The barn owl (Tyto alba) is the most widely distributed species of owl and one of the most widespread of all birds. It is also referred to as the common barn owl, to distinguish it from other species in its family, Tytonidae, which forms one of the two main lineages of living owls, the other being the typical owls (Strigidae). The barn owl is found almost everywhere in the world except polar and desert regions, Asia north of the Himalayas, most of Indonesia, and some Pacific islands.
Phylogenetic evidence shows that there are at least three major lineages of barn owl, one in Europe, western Asia and Africa, one in southeast Asia and Australasia, and one in the Americas, and some highly divergent taxa on islands. Accordingly some authorities split the group into the western barn owl for the group in Europe, western Asia and Africa, the American barn owl for the group in the Americas, and the eastern barn owl for the group in southeast Asia and Australasia. Some taxonomic authorities further split the group, recognising up to five species, and further research needs to be done to clarify the position. There is a considerable variation between the sizes and colour of the approximately 28 subspecies but most are between 33 and 39 cm (13 and 15 in) in length with wingspans ranging from 80 to 95 cm (31 to 37 in). The plumage on head and back is a mottled shade of grey or brown, the underparts vary from white to brown and are sometimes speckled with dark markings. The face is characteristically heart-shaped and is white in most subspecies. This owl does not hoot, but utters an eerie, drawn-out shriek.
The barn owl is nocturnal over most of its range, but in Britain and some Pacific islands, it also hunts by day. Barn owls specialise in hunting animals on the ground and nearly all of their food consists of small mammals which they locate by sound, their hearing being very acute. They mate for life unless one of the pair gets killed, when a new pair bond may be formed. Breeding takes place at varying times of year according to locality, with a clutch, averaging about four eggs, being laid in a nest in a hollow tree, old building or fissure in a cliff. The female does all the incubation, and she and the young chicks are reliant on the male for food. When large numbers of small prey are readily available, barn owl populations can expand rapidly, and globally the bird is considered to be of least conservation concern. Some subspecies with restricted ranges are more threatened. [Credit: Wikipedia]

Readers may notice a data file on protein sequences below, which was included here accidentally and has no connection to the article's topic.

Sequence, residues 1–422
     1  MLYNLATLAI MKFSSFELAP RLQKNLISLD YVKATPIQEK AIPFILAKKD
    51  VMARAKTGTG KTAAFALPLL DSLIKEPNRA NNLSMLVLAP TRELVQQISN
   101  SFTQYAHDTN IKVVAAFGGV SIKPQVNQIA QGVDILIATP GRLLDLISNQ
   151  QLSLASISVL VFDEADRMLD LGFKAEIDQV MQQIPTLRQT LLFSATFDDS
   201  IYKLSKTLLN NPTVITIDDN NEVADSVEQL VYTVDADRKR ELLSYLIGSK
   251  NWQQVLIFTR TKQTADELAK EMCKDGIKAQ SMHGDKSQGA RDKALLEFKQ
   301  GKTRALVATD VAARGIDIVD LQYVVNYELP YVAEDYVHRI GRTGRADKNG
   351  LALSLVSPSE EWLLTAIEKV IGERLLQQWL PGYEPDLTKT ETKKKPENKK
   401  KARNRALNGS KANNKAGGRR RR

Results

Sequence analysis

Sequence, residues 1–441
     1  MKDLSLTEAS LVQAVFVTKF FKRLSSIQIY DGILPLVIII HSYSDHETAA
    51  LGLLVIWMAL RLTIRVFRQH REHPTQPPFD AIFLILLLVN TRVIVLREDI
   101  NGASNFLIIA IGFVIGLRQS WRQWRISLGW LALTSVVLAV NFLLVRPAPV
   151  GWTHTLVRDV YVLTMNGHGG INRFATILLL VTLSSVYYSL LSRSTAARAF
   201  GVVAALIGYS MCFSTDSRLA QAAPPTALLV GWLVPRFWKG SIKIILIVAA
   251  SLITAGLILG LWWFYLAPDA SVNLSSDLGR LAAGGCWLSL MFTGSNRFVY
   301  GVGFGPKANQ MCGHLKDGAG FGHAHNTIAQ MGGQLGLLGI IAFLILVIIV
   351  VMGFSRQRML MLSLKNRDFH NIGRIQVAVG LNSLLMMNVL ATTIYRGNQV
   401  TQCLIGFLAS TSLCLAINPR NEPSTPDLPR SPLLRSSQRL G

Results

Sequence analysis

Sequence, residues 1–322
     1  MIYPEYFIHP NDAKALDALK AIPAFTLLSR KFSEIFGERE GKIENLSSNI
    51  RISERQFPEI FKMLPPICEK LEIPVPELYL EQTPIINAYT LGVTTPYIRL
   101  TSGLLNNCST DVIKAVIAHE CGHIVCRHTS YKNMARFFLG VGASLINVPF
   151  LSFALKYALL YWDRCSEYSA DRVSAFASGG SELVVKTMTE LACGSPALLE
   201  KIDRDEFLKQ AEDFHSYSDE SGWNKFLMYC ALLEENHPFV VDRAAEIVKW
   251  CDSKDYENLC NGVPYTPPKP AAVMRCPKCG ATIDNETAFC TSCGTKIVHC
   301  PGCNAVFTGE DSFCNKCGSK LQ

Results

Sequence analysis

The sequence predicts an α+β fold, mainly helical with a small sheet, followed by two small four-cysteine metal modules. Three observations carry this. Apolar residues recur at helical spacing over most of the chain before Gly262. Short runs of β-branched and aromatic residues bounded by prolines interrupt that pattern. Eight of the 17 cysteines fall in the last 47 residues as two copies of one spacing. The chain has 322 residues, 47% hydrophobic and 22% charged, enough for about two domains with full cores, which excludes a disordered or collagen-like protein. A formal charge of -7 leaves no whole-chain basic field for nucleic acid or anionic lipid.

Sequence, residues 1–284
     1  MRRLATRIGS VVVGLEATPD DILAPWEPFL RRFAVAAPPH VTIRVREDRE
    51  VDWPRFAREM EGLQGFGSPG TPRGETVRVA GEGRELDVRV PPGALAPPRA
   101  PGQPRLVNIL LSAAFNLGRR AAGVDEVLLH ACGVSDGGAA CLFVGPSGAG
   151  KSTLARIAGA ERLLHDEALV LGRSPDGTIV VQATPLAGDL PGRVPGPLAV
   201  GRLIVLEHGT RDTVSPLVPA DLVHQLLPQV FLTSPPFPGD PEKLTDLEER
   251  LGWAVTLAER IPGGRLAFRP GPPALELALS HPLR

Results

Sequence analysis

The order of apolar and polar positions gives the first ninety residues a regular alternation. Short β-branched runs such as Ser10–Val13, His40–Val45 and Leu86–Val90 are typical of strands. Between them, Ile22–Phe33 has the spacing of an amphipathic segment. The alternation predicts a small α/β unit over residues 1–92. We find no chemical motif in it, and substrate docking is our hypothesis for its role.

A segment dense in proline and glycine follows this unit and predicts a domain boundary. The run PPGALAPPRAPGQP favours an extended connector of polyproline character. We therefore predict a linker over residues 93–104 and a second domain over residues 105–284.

The Eurasian eagle-owl (Bubo bubo) is a species of eagle-owl that resides in much of Eurasia. It is also called the European eagle-owl and in Europe, it is occasionally abbreviated to just eagle-owl. It is one of the largest species of owl, and females can grow to a total length of 75 cm (30 in), with a wingspan of 188 cm (6 ft 2 in), males being slightly smaller. This bird has distinctive ear tufts, with upper parts that are mottled with darker blackish colouring and tawny. The wings and tail are barred. The underparts are a variably hued buff, streaked with darker colour. The facial disc is poorly developed and the orange eyes are distinctive. [Credit: Wikipedia]